It wouldn’t take an in-depth Google search to find an article proselytizing the laziness of trout. Maybe the articles are meant to guide anglers and newcomers on how best to find trout in rivers. "Look for the slowest water," they say. More specifically, "Look for areas where trout can indulge in their 'lazy' tendencies." One problem — trout aren’t lazy! A lazy trout would be one unwilling to engage in the perpetual treadmill of living in a river. A lazy trout would be one not actively feeding... a lazy trout would be skinny and malnourished.
Trout are optimizers; they are incredibly adept at gauging the energy requirements of their environment and responding in a way that maximizes the amount of energy that can be sequestered for the smallest amount of effort. Trout don’t work harder, they work smarter. When temperatures climb into a trout’s optimal feeding range (see our article about ideal temperature ranges for trout), and when hatches are abundant (common during the summer months), a trout can be found feeding in surprisingly quick water. They move out of their pools into the fast-food conveyor belts of riffles. They might have to fight a swifter current as the velocity is greater in riffles, but the food is so abundant that the energy gain is still worth the energy expenditure (Naman et al., 2017). Macroinvertebrates thrive between river rocks in the velocity breaks provided by that interstitial space. This inevitably leads to either behavioral or accidental drifting of insects downstream, and the trout know how to position themselves accordingly. After all, they live it day-in and day-out and quickly capitalize on dislodged prey.
Stream hydrodynamics can make things confusing to anglers approaching a fast-moving stretch of water. Though surface currents may appear to produce rapidly moving water, the velocity on the stream bottom is much slower. This allows fish to steadily hold in seemingly quick water when the energy cost is surprisingly manageable. The above figure shows how velocity changes in a 3-dimensional cross-section of a river. Take note of how low the velocity is at the streambed.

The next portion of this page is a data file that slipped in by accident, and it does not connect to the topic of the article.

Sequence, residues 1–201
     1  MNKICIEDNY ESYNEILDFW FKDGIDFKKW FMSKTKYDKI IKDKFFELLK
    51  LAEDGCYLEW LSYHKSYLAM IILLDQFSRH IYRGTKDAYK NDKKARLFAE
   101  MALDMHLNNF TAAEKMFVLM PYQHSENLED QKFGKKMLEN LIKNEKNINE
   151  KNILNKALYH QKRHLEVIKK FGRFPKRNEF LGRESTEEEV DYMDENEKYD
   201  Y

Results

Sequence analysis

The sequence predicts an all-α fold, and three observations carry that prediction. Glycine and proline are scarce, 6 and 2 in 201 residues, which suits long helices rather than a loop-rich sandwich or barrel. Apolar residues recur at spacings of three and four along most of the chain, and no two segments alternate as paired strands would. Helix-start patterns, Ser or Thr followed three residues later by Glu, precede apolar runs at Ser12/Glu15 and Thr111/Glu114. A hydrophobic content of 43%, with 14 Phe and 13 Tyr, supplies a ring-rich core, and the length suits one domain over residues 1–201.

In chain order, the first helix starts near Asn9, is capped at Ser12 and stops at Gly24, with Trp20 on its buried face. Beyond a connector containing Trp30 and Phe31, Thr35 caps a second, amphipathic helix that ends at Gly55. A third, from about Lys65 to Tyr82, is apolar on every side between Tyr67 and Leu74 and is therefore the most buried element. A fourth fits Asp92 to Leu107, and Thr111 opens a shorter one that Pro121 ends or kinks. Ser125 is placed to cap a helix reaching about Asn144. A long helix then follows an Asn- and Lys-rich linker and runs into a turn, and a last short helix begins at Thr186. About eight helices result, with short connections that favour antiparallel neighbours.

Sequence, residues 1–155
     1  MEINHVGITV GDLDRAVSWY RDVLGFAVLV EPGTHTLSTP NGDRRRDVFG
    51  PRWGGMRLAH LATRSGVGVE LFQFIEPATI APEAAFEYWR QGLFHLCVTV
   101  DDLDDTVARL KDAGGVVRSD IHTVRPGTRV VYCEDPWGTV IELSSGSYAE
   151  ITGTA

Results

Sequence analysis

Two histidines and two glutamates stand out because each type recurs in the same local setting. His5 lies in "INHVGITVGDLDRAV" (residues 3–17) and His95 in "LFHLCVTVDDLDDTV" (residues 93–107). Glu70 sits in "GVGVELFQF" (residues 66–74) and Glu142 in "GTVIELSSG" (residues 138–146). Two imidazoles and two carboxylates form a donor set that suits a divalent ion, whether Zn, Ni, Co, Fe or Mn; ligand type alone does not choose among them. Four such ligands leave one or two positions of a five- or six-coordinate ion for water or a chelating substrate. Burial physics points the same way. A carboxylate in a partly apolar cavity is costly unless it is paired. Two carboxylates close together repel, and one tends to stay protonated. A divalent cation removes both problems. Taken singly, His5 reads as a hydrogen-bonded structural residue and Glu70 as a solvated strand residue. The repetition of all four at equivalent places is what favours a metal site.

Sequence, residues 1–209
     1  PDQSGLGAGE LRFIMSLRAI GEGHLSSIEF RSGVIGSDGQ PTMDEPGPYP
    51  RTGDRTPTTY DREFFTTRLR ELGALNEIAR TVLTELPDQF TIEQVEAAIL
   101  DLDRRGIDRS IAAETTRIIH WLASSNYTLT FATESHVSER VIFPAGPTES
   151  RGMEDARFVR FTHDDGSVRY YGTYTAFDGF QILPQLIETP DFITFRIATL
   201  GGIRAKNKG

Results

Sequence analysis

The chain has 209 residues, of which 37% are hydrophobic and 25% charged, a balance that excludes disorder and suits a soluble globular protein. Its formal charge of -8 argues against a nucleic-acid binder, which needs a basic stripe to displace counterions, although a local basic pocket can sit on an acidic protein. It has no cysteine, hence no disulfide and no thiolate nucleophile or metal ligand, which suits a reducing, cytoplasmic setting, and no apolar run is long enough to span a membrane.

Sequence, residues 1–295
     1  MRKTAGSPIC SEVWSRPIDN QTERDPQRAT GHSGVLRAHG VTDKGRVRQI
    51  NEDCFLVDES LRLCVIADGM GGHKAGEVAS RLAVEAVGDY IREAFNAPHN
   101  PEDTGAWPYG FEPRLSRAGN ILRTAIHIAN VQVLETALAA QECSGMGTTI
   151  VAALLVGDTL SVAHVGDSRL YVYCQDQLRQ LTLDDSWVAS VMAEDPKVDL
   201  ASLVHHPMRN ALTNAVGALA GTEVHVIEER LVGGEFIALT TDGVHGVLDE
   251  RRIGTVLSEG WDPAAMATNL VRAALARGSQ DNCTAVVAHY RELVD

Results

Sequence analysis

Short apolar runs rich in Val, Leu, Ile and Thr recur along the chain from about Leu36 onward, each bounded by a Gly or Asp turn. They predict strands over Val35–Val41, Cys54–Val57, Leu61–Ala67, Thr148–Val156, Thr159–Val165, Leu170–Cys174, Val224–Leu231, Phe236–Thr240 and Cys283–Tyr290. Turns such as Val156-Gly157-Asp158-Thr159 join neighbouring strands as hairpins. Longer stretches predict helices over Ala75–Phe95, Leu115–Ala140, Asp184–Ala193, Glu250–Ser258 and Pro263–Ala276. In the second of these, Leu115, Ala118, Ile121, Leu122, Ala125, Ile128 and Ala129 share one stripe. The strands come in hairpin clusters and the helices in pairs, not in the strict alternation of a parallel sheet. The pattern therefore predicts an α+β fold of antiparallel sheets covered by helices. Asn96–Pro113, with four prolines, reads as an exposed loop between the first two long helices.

Interestingly, different species do have varying behavioral tendencies. For instance, rainbow trout are more focused on energy acquisition and are typically more likely to brave faster water for an ideal spot on the fast-food conveyor belt. Brown trout, on the other hand, are much more focused on energy conservation. They tend to feed in slower water, along banks, and places where the energy cost is significantly less (Gatz et al., 1987). But don't be mistaken, though they prefer slower velocities, they still strike on high-calorie food items when presented.
If you’re interested in learning more about trout behavior through the eyes of a successful angler, we suggest reading "Tactical Fly Fishing" by Devin Olsen. He similarly presents angling advice rooted in ecology and science. Even if you’re not into the competitive angling tactics, the first three chapters of his book are worth the read by themselves.
1. Wetzel & Likens. 1979. 3 Idealized Stream Current Velocity. A. Channel cross-section. B. Profile at stream midpoint.
2. Naman, S.M., et al. 2017. Habitat-Specific Production of Aquatic and Terrestrial Invertebrate Drift In Small Forest Streams: Implications for Drift-Feeding Fish. Canadian Journal of Fisheries and Aquatic Sciences, vol. 74, no.8. 1208-17.
3. Gatz, A.J., et al. 1987. Habitat Shifts in Rainbow Trout: Competitive Influences of Brown Trout. Oecologia, vol. 74, no.1 7-19.
4. Olsen, D. 2019. Tactical Fly Fishing: Lessons Learned from Competition for All Anglers. Stackpole Books.